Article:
Meselson–Stahl experiment

The first problem in understanding DNA replication was to figure out whether the mechanism of replication was semiconservative, conservative, or dispersive.

In 1958, two young scientists, Matthew Meselson and Franklin Stahl, set out to discover which of these possibilities correctly described DNA replication. Their idea was to allow parental DNA molecules containing nucleotides of one density to replicate in medium containing nucleotides of different density.

If DNA replicated semiconservatively, the daughter molecules should be half old and half new and therefore of intermediate density.

To carry out their experiment, they grew E. coli cells in a medium containing the heavy isotope of nitrogen (15N) rather than the normal light (14N) form.

This isotope was inserted into the nitrogen bases, which then were incorporated into newly synthesized DNA strands.

  • After many cell divisions in 15N, the DNA of the cells were well labeled with the heavy isotope.
  • The cells were then removed from the 15N medium and put into a 14N medium;
  • after one and two cell divisions, samples were taken and the DNA was isolated from each sample.

Meselson and Stahl were able to distinguish DNA of different densities because the molecules can be separated from each other by a procedure called cesium chloride gradient centrifugation. If cesium chloride is spun in a centrifuge at tremendously high speeds (50,000 rpm) for many hours, the cesium and chloride ions tend to be pushed by centrifugal force toward the bottom of the tube. Ultimately, a gradient of ions is established in the tube, with the highest ion concentration, or density, at the bottom.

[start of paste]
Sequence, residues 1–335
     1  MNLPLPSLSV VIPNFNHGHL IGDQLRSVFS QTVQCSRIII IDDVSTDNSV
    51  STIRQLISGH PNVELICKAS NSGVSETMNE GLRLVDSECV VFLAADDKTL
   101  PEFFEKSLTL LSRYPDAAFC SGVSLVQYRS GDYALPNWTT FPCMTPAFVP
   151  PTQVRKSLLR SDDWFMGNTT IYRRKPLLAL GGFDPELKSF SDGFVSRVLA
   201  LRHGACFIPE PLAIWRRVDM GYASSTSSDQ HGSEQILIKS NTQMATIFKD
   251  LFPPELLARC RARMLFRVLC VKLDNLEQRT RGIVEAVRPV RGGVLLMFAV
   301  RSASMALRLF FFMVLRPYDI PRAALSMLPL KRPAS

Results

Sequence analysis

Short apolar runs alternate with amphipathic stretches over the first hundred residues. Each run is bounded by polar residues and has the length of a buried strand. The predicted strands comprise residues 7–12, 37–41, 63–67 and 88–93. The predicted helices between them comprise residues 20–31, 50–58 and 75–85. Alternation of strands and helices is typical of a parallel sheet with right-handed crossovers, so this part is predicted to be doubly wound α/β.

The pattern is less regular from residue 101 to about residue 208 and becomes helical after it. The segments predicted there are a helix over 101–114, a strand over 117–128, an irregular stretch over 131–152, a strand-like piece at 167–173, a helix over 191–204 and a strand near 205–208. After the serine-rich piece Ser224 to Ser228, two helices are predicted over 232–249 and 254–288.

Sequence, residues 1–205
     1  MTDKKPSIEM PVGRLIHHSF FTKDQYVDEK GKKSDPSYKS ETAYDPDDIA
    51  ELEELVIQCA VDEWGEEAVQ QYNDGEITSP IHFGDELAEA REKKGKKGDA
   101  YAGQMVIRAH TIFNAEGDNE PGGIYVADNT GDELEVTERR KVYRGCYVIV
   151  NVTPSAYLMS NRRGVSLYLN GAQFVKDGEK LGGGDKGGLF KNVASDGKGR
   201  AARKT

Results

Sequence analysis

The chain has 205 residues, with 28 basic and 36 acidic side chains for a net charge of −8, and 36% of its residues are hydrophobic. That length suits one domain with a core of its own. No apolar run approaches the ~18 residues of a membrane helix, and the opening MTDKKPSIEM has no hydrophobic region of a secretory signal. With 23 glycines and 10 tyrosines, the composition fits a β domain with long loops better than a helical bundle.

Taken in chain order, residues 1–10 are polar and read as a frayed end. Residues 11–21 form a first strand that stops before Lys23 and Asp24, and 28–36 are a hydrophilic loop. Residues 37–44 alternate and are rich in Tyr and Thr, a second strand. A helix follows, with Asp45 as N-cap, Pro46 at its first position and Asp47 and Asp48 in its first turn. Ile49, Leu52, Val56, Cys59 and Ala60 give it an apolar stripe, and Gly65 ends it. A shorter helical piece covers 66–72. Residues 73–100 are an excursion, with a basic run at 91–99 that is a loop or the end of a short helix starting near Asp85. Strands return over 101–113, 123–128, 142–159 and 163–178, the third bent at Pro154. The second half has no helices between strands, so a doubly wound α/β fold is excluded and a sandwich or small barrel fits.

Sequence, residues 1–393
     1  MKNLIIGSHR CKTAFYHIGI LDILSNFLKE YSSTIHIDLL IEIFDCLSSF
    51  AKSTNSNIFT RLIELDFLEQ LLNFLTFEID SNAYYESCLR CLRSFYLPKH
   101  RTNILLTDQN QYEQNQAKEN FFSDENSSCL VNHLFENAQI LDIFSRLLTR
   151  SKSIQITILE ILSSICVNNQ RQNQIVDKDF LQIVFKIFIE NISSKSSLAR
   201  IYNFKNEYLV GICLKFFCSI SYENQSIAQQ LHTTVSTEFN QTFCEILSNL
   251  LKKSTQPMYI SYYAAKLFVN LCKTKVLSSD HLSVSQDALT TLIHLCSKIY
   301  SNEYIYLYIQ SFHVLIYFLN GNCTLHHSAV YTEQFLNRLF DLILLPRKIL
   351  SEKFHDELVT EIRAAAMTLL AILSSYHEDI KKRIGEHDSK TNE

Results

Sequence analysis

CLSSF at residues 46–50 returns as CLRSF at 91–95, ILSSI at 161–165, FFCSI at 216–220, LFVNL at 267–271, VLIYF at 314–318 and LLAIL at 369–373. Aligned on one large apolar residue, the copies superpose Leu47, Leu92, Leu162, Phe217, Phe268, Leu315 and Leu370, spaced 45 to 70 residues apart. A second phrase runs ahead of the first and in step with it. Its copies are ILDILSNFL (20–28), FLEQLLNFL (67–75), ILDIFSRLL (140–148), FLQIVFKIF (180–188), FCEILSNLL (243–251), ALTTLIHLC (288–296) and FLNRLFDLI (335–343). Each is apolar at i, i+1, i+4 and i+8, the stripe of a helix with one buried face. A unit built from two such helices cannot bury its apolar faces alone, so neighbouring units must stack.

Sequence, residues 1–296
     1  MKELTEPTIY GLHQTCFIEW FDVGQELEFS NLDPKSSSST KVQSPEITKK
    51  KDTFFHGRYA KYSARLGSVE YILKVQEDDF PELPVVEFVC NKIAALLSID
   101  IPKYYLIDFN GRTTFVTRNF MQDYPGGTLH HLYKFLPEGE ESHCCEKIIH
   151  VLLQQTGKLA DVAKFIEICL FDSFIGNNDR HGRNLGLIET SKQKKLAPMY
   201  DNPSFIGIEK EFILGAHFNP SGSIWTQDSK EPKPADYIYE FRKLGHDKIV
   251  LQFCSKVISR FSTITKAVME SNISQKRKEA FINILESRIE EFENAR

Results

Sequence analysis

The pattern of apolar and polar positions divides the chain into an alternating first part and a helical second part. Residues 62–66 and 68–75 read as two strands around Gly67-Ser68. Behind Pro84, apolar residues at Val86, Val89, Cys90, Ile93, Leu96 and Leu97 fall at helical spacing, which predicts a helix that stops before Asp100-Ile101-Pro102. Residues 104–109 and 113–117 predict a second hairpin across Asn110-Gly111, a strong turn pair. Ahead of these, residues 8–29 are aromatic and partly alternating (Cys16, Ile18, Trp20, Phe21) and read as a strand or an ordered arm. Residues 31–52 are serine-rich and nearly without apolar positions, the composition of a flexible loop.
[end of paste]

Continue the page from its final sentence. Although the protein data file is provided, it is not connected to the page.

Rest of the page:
• DNA centrifuged with the cesium chloride forms a band at a position identical with its density in the gradient.
  • DNA of different densities will form bands at different places.
  • Cells initially grown in the heavy isotope 15N showed DNA of high density. This DNA is shown in red at the left-hand side of Fig 1.
  • After growing these cells in the light isotope 14N for one generation, the researchers found that the DNA was of intermediate density, shown half red (15N) and half blue (14N) in the central part.
  • After two generations, both intermediate- and low-density DNA was observed (right

hand side of Figure 1), precisely as predicted by the Watson–Crick model.

Fig 1 The Meselson-Stahl experiment demonstrates that DNA is copied by semiconservative replication. DNA centrifuged in a cesium chloride (CsCl) gradient will form bands according to its density. (a) When the cells grown in 15N are transferred to a 14N medium, the first generation produces a single intermediate DNA band and the second generation produces two bands: one intermediate and one light. This result matches the predictions of the semiconservative model of DNA replication. (b and c) The results predicted for conservative and dispersive replication, shown here, were not found.